EPPO Global Database

EPPO Reporting Service no. 07 - 2007 Num. article: 2007/139

Three invasive Heracleum in Europe

The genus Heracleum (Apiaceae) includes 60–70 species of perennial or biennial herbs, distributed in the temperate northern hemisphere and in high mountains as far south as Ethiopia. Centres of the highest species diversity are the Caucasus Mountains (26 species) and China (29 species), particularly Hengduan Mountains. There are three main invasive Heracleum in Europe: H. mantegazzianum (EPPO List of Invasive Alien plants), H. sosnowskyi (EPPO List of Invasive Alien plants) and H. persicum. They invade disturbed and also undisturbed ecosystems and cause health hazards by burning people’s skin when in contact with them.
Heracleum mantegazzianum is a monocarpic perennial native to the Western Greater Caucasus (Russia, Georgia), where it grows in species-rich, tall-herb mountain meadows, clearings, and in forest margins up to the treeline of 2000 m above sea level. It was introduced as a garden ornamental plant around 1817 and the first naturalized population was documented in Cambridgeshire (GB) in 1828. At present, the species is recorded in at least 19 European countries, and was first noted before 1900 in 14 of these. It is also naturalized in Canada and the United States.
Heracleum sosnowskyi is a monocarpic perennial native to eastern and central Caucasus, Transcaucasia, and northeast Turkey. It was first introduced to Russia in 1947 as a highly productive fodder crop for livestock. Later it was introduced to other countries such as Belarus, Ukraine, the Baltic countries, and former East Germany. The planting schemes have been largely abandoned, although they still continue in parts of Russia.
Heracleum persicum is a polycarpic perennial native to Turkey, Iran, and Iraq. The status of this invasive species in Europe is still not fully resolved. The history of introduction of H. persicum is unclear. It was the first Heracleum species to be described, as early as 1829, and it is likely that some other large Heracleum spp. were misidentified as H. persicum. This makes the tracing-back of the H. persicum invasion into Europe difficult. Compared to the other two species, the distribution of H. persicum in Europe is restricted to Scandinavia. The genetic diversity of these Heracleum species has been investigated using a biogeographical approach. Plants of H. mantegazzianum, H. sosnowskyi, and H. persicum were sampled from across a wide geographical range in both native (Caucasus and south-west Asia) and invaded (Europe) distribution ranges.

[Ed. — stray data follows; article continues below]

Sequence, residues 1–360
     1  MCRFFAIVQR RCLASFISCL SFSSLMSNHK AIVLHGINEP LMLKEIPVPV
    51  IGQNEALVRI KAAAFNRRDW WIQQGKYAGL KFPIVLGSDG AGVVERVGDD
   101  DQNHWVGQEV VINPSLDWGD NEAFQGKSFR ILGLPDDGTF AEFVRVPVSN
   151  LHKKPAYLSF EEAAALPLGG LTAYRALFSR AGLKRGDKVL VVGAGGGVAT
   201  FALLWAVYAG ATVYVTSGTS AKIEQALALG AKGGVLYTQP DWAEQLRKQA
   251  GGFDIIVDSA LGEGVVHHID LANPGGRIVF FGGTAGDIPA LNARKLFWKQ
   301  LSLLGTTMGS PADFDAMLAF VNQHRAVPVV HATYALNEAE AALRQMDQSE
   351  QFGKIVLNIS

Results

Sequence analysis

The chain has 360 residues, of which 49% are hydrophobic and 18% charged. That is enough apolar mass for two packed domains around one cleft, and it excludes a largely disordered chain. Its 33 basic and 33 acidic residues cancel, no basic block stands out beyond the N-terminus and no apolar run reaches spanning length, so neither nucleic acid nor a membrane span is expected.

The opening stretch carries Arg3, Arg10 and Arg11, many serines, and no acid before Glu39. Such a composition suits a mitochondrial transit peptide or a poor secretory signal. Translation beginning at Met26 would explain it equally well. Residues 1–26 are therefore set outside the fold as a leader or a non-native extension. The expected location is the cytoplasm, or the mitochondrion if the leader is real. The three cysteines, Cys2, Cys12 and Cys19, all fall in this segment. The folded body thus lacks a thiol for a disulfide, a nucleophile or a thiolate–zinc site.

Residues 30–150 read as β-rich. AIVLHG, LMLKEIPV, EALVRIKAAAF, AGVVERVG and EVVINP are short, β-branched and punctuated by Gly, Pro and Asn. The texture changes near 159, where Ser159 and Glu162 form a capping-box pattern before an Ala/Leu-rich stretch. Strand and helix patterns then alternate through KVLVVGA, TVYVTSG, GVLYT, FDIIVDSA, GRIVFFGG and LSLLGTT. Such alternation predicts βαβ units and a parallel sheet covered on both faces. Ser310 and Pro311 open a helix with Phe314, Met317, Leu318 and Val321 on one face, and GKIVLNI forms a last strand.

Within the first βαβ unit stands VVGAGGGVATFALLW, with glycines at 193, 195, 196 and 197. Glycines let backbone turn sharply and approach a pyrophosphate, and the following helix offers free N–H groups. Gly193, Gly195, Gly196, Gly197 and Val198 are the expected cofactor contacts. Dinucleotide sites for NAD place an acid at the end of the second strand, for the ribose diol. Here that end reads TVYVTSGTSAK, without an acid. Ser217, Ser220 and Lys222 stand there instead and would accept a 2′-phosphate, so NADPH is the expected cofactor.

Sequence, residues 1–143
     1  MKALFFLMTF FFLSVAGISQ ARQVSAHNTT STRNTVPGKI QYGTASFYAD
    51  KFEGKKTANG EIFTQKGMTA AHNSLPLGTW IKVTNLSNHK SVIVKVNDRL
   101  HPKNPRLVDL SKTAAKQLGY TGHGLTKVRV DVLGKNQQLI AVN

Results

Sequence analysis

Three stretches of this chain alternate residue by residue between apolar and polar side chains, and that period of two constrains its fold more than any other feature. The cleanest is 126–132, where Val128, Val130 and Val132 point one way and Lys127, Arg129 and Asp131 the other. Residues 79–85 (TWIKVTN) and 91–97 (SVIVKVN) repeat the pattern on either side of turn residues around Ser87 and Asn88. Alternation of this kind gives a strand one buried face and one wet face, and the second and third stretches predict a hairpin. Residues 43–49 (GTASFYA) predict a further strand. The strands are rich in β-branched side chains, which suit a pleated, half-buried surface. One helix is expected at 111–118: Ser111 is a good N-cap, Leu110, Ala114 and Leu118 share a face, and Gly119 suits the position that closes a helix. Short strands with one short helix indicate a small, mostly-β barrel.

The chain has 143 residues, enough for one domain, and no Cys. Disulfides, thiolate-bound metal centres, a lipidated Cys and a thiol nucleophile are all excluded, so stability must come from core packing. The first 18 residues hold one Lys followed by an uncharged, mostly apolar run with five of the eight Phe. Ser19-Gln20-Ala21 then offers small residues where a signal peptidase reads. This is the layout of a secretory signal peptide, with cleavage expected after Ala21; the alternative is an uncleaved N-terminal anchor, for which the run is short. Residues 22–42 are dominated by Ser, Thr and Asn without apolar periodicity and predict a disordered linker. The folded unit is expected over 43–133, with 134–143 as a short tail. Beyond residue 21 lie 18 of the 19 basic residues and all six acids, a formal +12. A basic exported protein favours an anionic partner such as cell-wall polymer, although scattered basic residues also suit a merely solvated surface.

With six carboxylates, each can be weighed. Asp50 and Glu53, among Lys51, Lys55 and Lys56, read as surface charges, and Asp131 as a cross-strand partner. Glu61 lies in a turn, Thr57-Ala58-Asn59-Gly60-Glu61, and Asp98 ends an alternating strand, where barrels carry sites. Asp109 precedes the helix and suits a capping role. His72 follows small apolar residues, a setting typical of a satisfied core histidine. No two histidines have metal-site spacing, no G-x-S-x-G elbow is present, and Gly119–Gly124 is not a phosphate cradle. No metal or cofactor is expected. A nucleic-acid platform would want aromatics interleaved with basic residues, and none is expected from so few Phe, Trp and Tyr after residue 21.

The results confirmed that there are three distinct tall Heracleum species invading Europe. Within each of the three species, plants collected in the invaded range are genetically close to those from their native ranges. A close genetic relationship between the three invasive Heracleum species in Europe was also found. A high overall genetic variability detected in the invaded range suggests that rapid evolution, drift, or hybridization played a role in genetic structuring of invading populations. For H. mantegazzianum, genetic distance of populations in the native range significantly decreased with geographical distance, but not in the invaded range. In addition, results indicated that H. laciniatum is probably synonymous with H. persicum.
It is likely that the current pattern of genetic diversity in Europe resulted from multiple introductions of all three species.


Jahodová Štrybush S, Pyšek P, Wade M and Karp A (2007) Invasive species of Heracleum in Europe: an insight into genetic relationship and invasion history. Diversity and Distributions 13, 99-114. http://www.blackwell-synergy.com/doi/pdf/10.1111/j.1366-9516.2006.00305.x